We celebrated Father’s Day on the patio with family. I worked from her house and she snuggled her grandbabies and we all watched bad daytime television.
A few weeks later I was at home and decided to go to bed early. I will always regret missing her call. She was in pain and didn’t know what to do. She ended up in the emergency room where they drained 3 liters of fluid from her abdominal cavity. I thought, “Why would she have ascites? Her liver function tests have been great despite years of chemo…” She told me a few days later that the doctor had given her 6 months to live. I didn’t believe it so I looked up “malignant ascites” in the medical resource I have access to for my job. Six months was a generous estimate but I couldn’t tell her that. She told me she had set a goal… My birthday. It was 3 months away, surely she could make it that long. This was how she had survived 14 years! Set a goal and another and another so that even if you reach one goal there’s always another just out of reach. Always a reason to persevere. If she made it to my birthday, then she would try to make it to my oldest’s, then Thanksgiving, Christmas, and on and on until forever.
She didn’t make it.
She died July 17 at 5:20pm.
This has been the longest and hardest year of my life. I am short-tempered and easily annoyed. Some days I can barely breathe. Others its like I leave black smudges on everything and everyone, like a left-handed person who writes with a fountain pen. I unknowingly deposit drops of sorrow into everything I do.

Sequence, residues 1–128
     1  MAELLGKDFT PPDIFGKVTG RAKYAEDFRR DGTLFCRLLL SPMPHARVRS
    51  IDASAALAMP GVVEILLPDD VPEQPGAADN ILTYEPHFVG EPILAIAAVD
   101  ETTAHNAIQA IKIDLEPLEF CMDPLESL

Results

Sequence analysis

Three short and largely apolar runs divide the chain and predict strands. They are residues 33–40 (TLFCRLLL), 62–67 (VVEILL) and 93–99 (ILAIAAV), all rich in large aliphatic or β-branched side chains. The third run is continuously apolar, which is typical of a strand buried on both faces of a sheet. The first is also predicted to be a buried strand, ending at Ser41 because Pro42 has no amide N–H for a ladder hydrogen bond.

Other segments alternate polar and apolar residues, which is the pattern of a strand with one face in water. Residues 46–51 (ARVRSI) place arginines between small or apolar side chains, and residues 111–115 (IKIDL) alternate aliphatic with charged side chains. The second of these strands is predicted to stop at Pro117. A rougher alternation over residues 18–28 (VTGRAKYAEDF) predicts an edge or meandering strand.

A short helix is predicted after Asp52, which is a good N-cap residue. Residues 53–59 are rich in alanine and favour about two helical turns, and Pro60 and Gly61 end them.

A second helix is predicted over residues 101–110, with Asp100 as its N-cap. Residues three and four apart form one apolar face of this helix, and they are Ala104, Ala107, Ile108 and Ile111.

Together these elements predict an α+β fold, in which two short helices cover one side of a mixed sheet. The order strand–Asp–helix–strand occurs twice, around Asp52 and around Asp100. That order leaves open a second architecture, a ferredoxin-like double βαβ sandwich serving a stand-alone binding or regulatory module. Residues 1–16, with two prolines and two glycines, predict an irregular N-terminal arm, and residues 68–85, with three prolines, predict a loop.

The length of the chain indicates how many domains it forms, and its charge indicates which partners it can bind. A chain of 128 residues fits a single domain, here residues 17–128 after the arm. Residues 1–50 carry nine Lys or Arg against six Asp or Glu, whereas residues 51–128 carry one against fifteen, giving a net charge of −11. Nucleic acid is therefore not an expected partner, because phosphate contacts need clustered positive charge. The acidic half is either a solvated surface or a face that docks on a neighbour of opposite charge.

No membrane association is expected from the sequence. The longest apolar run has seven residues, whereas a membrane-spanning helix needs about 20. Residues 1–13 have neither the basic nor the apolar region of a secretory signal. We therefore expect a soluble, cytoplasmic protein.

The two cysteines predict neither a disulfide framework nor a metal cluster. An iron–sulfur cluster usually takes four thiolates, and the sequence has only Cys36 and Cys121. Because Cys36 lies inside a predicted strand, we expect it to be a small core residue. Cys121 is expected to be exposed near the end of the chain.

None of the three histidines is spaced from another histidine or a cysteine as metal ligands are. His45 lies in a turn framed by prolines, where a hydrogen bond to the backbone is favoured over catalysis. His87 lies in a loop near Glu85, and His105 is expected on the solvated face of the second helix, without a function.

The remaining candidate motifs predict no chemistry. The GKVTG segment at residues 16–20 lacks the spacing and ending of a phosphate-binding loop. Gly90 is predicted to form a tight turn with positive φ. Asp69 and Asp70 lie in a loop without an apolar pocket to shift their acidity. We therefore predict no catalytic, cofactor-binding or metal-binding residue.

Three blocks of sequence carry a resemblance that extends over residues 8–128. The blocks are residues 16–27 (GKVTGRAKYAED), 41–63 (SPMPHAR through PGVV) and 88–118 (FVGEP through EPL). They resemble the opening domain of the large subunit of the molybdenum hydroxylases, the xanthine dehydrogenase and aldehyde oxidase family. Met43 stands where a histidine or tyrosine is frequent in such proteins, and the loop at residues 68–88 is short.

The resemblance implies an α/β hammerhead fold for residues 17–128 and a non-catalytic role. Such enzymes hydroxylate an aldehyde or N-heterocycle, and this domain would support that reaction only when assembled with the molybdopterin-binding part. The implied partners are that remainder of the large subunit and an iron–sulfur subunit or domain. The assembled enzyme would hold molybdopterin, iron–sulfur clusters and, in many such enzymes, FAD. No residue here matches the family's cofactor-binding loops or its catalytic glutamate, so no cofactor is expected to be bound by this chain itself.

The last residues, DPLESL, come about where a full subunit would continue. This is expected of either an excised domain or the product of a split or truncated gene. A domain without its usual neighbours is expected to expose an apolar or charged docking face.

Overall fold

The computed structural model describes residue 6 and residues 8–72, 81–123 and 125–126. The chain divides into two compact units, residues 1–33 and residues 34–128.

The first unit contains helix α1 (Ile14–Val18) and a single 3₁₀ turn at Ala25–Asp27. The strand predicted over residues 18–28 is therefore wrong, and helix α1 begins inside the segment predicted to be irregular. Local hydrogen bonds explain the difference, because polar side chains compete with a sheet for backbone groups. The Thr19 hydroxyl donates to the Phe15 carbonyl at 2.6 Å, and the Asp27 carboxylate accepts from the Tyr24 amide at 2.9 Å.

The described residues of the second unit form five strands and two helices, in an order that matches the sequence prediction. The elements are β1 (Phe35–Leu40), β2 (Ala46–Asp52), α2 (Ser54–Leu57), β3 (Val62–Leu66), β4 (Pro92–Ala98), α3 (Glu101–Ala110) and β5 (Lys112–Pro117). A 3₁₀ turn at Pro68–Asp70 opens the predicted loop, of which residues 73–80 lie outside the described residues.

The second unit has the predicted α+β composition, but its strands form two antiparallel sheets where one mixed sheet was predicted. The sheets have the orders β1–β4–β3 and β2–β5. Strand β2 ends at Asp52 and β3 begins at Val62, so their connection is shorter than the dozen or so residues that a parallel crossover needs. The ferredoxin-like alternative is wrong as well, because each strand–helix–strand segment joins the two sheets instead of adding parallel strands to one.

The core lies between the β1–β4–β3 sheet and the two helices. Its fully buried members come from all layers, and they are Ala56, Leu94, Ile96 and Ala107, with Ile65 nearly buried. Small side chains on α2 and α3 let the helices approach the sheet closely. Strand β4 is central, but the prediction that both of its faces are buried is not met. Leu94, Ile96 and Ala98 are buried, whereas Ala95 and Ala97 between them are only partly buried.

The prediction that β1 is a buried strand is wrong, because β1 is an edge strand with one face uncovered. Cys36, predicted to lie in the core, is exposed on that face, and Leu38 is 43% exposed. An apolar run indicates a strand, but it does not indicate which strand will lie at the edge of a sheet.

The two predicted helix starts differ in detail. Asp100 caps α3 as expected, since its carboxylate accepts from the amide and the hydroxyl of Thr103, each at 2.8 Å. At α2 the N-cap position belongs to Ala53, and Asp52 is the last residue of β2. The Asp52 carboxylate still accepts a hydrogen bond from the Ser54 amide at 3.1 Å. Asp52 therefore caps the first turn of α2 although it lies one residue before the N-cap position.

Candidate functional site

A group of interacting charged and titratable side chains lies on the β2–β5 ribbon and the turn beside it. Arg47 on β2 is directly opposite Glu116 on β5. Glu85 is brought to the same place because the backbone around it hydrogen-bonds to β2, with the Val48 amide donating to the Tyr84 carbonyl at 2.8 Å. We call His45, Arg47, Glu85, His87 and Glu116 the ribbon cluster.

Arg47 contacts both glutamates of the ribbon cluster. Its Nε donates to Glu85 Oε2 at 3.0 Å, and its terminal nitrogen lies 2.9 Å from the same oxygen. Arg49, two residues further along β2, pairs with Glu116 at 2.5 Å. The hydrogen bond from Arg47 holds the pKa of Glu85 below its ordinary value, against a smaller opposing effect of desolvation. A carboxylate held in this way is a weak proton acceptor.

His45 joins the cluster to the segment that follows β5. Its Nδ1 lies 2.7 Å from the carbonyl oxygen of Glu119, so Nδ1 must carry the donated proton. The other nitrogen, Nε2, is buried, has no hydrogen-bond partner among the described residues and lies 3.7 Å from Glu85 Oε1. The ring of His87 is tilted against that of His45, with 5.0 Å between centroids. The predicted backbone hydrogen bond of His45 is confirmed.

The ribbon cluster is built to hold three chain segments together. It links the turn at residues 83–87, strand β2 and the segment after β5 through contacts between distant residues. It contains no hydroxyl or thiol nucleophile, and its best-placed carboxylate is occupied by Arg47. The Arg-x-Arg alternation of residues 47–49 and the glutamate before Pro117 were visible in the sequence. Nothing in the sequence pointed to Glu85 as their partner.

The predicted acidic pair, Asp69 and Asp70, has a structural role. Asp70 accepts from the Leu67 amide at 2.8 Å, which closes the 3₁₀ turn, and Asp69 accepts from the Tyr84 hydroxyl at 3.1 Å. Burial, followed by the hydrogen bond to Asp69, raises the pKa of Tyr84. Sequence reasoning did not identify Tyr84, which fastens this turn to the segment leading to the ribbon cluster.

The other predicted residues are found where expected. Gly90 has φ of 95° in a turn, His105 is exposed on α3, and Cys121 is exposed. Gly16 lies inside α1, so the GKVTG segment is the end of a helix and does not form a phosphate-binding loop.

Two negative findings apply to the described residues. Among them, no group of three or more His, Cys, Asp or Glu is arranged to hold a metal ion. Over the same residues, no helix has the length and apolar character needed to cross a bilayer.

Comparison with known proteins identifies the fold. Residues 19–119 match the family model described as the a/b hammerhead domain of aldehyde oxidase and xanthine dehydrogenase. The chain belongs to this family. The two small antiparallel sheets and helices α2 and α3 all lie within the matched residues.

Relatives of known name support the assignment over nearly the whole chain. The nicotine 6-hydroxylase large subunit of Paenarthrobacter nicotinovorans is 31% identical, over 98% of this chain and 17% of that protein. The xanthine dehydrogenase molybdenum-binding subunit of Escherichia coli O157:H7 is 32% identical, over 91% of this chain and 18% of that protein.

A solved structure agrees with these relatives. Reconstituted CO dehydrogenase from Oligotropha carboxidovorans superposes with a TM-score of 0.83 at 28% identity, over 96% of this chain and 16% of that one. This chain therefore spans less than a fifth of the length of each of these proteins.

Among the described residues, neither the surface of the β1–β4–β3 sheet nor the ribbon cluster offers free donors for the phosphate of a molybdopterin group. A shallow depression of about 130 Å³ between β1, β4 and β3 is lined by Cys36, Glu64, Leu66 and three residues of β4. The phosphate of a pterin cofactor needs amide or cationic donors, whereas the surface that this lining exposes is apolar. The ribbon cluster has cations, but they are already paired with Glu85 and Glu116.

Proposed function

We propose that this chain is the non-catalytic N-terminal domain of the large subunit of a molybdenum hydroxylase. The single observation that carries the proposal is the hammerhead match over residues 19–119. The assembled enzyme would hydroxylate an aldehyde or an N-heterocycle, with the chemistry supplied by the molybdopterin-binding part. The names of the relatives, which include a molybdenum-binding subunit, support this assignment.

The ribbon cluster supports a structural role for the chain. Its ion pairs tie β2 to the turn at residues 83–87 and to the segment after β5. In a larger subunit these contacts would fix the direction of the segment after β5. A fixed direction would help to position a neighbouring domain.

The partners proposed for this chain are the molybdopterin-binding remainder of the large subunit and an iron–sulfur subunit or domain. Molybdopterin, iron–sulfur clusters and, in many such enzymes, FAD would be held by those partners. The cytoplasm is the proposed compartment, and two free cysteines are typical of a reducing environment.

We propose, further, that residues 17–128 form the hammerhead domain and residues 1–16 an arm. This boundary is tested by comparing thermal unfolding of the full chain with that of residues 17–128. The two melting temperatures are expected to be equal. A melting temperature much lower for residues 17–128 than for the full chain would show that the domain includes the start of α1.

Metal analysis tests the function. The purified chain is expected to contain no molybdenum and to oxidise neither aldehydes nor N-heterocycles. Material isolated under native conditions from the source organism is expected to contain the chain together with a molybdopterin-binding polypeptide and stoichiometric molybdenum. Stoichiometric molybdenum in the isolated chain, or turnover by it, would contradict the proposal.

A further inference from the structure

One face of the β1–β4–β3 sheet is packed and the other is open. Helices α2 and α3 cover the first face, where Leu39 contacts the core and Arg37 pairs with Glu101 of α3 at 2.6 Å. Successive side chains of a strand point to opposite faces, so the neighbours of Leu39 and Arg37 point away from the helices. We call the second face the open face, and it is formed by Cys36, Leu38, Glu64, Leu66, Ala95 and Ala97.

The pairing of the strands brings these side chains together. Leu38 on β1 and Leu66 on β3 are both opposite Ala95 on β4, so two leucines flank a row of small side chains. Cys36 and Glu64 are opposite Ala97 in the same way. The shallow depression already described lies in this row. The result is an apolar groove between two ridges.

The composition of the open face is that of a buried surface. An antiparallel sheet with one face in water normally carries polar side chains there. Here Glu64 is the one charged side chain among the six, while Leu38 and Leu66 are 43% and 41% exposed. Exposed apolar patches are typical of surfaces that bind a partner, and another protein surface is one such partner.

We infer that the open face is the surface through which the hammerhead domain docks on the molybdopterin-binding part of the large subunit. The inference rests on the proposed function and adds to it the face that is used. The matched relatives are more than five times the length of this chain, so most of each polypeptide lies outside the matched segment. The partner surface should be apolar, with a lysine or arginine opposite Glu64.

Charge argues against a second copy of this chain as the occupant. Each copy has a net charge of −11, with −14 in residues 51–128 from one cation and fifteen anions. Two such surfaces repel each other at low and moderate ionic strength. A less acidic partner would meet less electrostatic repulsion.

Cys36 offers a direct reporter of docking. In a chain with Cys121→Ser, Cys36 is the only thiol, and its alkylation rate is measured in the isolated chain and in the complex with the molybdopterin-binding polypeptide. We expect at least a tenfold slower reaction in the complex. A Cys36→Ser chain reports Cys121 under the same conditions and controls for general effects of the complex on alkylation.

How can what is missing be so encompassing?
Don’t get me wrong, I didn’t think this would be easy or swift. I knew that my life would never be the same without her… but I didn’t know how unreal it would all seem. Some days I feel like I dreamt her into existence, that maybe I’m like one of those crazies in a movie who needed a best friend so she created one.
Grief for me is like walking a tightrope in the rain while trying to knit my own umbrella out of grocery bags. There are days when life seems like I am one misstep away from a breakdown so I keep going, keep my hands and mind busy with the things of life like work and kids and groceries and yard work, and once in awhile the rain lessens and maybe a ray of sunshine pops into view…
But I have to keep working on that umbrella because the rain never fully stops.
The hole never disappears.
My safe place is gone. My best friend is gone. So I sat down to write tonight, hoping that something would come out that made sense. And it did. If you’ve read this far, I hope you found some good in it. I will try to write again about life and kids and books another day.
Laughter is slower, anger is faster, and bitterness is deeper. The emptiness is still frighteningly tremendous. I will carry it with me and maybe one day soon the edges will soften on these raw emotions. My grief is a testament to how fiercely I loved, and was loved by, my Mama.